The two works recorded here depart from the sound usually associated with the music of John Luther Adams, best known for his vast sonic landscapes, frequently alluding to or incorporating sounds of the natural world. Four Thousand Holes (2010), whose title refers to a John Lennon quote: "And though the holes were very small, They had to count them all," from "A Day in the Life." Scored for piano, vibraphone, and orchestral bells, plus an electronic "aura" provided by the composer, the piece has an uncharacteristically bright, sparkling, occasionally brittle sound. Adams uses only major and minor thirds as the harmonic building blocks for the piece, although they are heard in a variety of keys. There are areas whose dreamy, cloudlike unfoldings make the piece recognizable as Adams', but some of its blockier, more exuberant sections disconcertingly call to mind the vivid brashness of the other John Adams' Grand Pianola Music and The Chairman Dances. …and bells remembered… (2005) for a percussion ensemble made up of vibraphones and other metal instruments, is, as its title implies, all about ringing, chiming brightness. It's not that different in its harmonic vocabulary from Four Thousand Holes, but it's an altogether lovely and mysterious work, subtler, more organically developed, more evocative, and more timbrally appealing. Pianist Stephen Drury and the Callithumpian Consort of the New England Conservatory, led by percussionist Scott Deal, play with consummate attention to the nuances of the scores and to the atmospheric nature of the music. The clarity of Cold Blue Music's crystalline sound is ideal for these pieces. The album may not be the ideal introduction to Adams for listeners new to his works, but it’s a valuable addition to his discography and should interest his fans open to exploring some less familiar sides of his creative personality.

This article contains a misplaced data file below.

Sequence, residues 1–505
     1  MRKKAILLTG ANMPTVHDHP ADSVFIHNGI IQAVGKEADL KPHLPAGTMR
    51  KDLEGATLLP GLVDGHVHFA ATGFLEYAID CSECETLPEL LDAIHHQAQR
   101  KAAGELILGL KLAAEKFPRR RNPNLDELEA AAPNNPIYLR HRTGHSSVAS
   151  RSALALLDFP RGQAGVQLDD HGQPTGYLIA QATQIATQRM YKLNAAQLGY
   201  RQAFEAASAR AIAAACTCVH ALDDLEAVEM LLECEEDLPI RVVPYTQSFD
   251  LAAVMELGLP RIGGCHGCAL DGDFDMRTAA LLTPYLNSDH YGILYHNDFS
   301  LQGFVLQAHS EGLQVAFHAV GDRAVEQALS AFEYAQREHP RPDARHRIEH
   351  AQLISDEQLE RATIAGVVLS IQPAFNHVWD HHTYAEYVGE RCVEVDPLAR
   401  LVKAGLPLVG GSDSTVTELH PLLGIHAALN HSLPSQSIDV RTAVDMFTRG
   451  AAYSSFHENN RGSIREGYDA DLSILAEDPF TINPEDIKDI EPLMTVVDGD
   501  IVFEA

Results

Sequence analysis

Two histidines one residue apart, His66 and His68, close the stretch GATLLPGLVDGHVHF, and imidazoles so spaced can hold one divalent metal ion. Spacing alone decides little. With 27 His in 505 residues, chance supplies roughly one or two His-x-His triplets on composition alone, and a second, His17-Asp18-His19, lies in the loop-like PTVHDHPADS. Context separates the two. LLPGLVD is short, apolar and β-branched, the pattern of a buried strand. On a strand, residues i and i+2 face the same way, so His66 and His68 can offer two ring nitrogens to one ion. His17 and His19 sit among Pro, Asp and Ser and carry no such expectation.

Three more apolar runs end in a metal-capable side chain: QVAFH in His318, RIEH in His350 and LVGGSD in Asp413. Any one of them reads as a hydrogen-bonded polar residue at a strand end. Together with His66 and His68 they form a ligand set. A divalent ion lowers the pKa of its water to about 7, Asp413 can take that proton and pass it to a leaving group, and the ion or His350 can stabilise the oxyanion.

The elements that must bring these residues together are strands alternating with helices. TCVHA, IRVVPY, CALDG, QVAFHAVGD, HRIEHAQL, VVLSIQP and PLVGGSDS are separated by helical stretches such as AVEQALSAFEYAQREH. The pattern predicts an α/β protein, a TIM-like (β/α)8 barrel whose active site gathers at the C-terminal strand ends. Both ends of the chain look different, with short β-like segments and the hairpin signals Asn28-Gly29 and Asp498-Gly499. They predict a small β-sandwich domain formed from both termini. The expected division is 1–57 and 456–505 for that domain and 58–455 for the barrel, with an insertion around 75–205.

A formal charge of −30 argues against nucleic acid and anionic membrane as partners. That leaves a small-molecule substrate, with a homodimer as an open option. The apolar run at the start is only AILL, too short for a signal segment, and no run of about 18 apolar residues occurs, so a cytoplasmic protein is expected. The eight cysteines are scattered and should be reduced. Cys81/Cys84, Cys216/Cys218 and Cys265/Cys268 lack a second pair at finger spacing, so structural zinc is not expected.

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AllMusic Review by Stephen Eddins